Spain is caught up in a complex relation of othering with England. The two countries became inextricably linked in their early modern history and, ever since, Spain has served a peculiar role in its one-time adversary’s cultural imagination. Spain for England is, on one hand, brutality – Goya’s Disasters of War, the hilltop bombing scene in For Whom the Bell Tolls – and uninhibited eroticism. It seems to knot violence, tragedy, sexuality and aesthetics in a way which exceeds even France’s potential for doing this – and this knotting was, I’d contend, as much as a pull as the formally political one during the Spanish Civil war. Remember Auden’s orientalising lines?
On that arid square, that fragment nipped off from hot
Africa, soldered so crudely to inventive Europe;
On that tableland scored by rivers,
Our thoughts have bodies; the menacing shapes of our fever
Are precise and alive.
There was a period, probably from the late sixties through to as recently as the late nineties, when middle-class Britain turned its nose up at Spain for the most part. Spain was Torremolinos and Magaluf; the Sagrada Familia and the Prado were exceptions that proved the rule. If you were going to Southern Europe, you went and faffed about in Provence or sampled Italy’s celebrated pavement culture so as to return to Britain and wonder why it wasn’t like that in Louth or Clitheroe. Something began to change, perhaps, as the Blair years wore on and people began to see Italy as a bourgeois cliche, a nice enough place to visit but one in which pleasure was a bit too forecastable. Come to think of it, I’ve been to Italy enough times to know that it can be strangely predictable so long as you’re sticking to the big cities – only Naples seems to carry with it the energetically uncanny feel of Barcelona, Bilbao or San Sebastian. Italy, in other words, lost its edge.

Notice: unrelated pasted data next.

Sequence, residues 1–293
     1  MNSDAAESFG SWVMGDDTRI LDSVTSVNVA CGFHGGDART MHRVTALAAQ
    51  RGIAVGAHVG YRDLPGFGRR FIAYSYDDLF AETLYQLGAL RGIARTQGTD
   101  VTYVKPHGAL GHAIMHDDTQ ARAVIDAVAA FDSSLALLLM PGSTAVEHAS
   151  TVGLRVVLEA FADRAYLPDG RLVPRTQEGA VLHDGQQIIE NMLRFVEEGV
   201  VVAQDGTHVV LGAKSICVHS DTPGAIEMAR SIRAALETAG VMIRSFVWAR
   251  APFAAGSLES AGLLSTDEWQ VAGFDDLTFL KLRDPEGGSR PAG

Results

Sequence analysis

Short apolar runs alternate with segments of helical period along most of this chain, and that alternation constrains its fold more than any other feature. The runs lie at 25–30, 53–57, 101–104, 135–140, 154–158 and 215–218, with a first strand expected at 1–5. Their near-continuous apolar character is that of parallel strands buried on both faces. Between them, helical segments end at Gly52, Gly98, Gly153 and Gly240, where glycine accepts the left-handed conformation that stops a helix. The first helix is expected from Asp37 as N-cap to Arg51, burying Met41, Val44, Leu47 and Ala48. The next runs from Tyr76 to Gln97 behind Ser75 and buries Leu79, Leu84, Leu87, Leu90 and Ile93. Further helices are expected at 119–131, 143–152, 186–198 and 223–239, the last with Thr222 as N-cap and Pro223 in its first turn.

In the nineties, Spain also underwent an economic boom of sorts, and its regions – probably for some Europe Union-related reason I have no time to look up – acquired funding which allowed cities like Bilbao and San Sebastian, in synchronicity with fellow provincial ports Newcastle and Hamburg, to undergo culture-led regeneration programmes. Why would you want to go to some dusty old museum in Florence, full of antiquated statues of naked saints that provoke little but a deep anxiety of engagement, when you could go to a shimmering new gallery by Frank Gehry or Rafael Moneo with some gardening by Jeff Koons outside? Why would you want to eat pizza when you eat a fifteen-course tasting menu representing the zenith of Ferran Adrià’s gastroscience or the nouvelle cuisine basque? Fuck Chianti, mine’s a Garnacha.
In other words, the Spanish Turn in football is an outgrowth of a broader fetishisation of Spain which has been taking place in Britain ever since people decided Benicassim was a bigger event than Glastonbury. I love Spain – I’ve only been there a couple of times, but it ticks the boxes of the less contrarian part of me – but it does seem useful to speculate as to why its football has been treated in such a particular way of late.
Posted by Joe Kennedy